The Sights and Kites of Paje

Paje and Paradise both start with the letters ‘pa’. Coincidence? Yeah, probably, but the tiny village of Paje, on Zanzibar’s southeast coast, is certainly a lovely place to spend a few days. So that’s what I’ve been doing – bludging by the pool, bludging on the beach, and acting more like a lazy tourist than the high-octane adventure traveller that everyone knows and loves.

Paje moves pretty slowly at the best of times, but it’s like Stephen Hawking on a treadmill at the moment because of Ramadan. A lot of the restaurants and hotels are shut, but I didn’t let that stop me from getting epically smashed within hours of arriving. I found a beach bar that serves icy cold bottles of Kilimanjaro and Safari, and did my best to bolster the economy while breaking my liver. I must’ve done well, because I woke up on a banana lounge in a resort that certainly wasn’t my own, wearing a sombrero. Ladies, I’m single!

I dashed out of the pool area moments before a couple of very large black gentlemen came over to throw me out, and wandered through the blurry streets, trying to make my way home. A few people I didn’t recognise said hello to me, and I pretended to remember what I’d done the night before. It was a walk of shame, Tanzania style. I’m just glad my arsehole wasn’t sore.

The beaches here are grouse, with powdery white sand, striking blue water and plenty of palm trees. After two months travelling, it was a relief to throw my towel down, whip off my clothes and settle in for a super-sized serving of sun. It would’ve been more relaxing without having some little bloke rock up to offer me weed or sunglasses every six seconds, but it’s the third world, what do you expect?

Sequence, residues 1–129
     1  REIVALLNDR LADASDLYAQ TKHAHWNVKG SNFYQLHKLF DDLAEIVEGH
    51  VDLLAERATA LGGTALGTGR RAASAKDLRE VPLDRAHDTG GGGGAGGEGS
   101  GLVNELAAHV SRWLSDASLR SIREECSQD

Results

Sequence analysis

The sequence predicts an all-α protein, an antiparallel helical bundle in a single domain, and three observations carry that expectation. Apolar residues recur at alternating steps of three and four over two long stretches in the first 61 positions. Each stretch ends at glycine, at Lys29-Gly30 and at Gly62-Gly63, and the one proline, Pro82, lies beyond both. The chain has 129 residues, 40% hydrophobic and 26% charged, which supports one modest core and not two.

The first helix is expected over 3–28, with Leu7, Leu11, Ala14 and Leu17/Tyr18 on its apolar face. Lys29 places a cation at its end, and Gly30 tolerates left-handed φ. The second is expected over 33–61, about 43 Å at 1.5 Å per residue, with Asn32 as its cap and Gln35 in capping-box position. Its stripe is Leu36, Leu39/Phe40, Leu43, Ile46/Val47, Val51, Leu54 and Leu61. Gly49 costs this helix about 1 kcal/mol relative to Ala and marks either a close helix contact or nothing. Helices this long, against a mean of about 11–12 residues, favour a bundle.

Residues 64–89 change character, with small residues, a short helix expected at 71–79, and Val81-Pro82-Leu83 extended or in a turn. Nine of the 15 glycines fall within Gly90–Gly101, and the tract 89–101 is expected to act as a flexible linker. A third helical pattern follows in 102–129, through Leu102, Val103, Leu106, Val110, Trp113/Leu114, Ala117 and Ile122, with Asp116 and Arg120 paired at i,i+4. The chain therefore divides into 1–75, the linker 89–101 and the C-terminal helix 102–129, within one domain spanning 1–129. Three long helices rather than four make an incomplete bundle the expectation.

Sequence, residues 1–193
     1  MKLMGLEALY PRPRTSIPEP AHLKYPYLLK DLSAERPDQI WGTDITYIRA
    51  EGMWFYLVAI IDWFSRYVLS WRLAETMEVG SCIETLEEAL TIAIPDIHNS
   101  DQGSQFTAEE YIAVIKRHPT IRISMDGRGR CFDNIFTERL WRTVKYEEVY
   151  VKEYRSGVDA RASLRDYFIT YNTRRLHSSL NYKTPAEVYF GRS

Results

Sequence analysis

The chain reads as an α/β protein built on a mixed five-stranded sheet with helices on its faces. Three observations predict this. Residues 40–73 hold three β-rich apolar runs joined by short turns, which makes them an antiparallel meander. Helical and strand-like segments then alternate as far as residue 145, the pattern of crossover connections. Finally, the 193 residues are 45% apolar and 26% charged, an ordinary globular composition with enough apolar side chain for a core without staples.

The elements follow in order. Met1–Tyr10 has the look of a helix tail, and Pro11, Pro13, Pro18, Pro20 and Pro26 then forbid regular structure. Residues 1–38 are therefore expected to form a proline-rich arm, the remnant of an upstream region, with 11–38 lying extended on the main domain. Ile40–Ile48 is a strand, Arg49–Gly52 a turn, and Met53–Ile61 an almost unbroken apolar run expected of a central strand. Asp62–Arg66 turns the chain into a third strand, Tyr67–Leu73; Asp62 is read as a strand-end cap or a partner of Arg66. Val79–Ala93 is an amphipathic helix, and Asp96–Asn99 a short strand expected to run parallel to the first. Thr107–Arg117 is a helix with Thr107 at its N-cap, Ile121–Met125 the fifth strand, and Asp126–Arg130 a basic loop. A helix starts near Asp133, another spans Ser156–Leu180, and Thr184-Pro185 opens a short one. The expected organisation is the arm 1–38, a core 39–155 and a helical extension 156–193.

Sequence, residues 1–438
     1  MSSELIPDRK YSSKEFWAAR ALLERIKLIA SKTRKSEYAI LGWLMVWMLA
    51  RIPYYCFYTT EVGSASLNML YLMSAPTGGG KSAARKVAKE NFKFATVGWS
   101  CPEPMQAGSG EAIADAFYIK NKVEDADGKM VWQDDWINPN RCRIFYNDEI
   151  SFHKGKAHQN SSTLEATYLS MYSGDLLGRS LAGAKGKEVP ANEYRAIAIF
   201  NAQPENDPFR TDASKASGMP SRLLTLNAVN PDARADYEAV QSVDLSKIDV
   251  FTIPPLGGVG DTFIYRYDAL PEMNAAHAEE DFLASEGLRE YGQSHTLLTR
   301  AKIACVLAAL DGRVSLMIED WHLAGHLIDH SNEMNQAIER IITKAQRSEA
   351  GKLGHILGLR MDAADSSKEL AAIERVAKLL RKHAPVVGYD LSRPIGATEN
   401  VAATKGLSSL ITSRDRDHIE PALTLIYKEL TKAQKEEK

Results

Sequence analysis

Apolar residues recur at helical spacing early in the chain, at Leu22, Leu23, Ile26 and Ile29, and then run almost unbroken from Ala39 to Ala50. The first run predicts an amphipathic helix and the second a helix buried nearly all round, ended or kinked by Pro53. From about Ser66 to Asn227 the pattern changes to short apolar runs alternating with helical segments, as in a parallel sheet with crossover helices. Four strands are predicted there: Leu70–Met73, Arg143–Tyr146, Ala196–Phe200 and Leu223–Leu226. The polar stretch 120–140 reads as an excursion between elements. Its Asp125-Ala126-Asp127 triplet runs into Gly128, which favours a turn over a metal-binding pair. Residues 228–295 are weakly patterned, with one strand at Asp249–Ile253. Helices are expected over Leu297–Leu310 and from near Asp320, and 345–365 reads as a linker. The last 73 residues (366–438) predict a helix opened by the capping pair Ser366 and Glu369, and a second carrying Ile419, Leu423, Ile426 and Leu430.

The sand is swarming with cows and elaborately-dressed Swahili gentlemen, who wander around in their red robes, clutching their big sticks in their hands. No, they’re not out there wanking, they’re holding actual sticks, which make them look like wizards. It’s definitely an unusual sight, but all part of Zanzibar’s unique charm.

The rustic beachside resorts, with their shimmering pools and comfortable cocktail bars, contrast sharply with the tiny villages and shacks that wind along the beach. It’s interesting to trek through them, waving to children and dodging motorbikes. Everyone was yelling out, “Jambo!” to me, which I assumed meant fuckwit was pleased to discover simply means hello. Thanks, guys!

The afternoons get bloody windy in Paje which, combined with the calm waters off the beach, makes it one of the best spots on the planet for kite surfing. Most days see 50 or 60 boarders out on the water, and it definitely looks fun. It’s basically paragliding for people who are scared of heights, but I didn’t tell any of the enthusiasts that in case they decided to wedge their board up my arse for doing so.

Yeah, Paje might make me feel like a tourist, but after rocking and rolling all over Africa that might be exactly what I need. I mean, what’s the point of going overseas if I can’t send photos of me relaxing on a perfect tropical beach back to all those people sufgering through the frigid Sydney winter? Don’t worry, I’m enjoying this enough for everyone!

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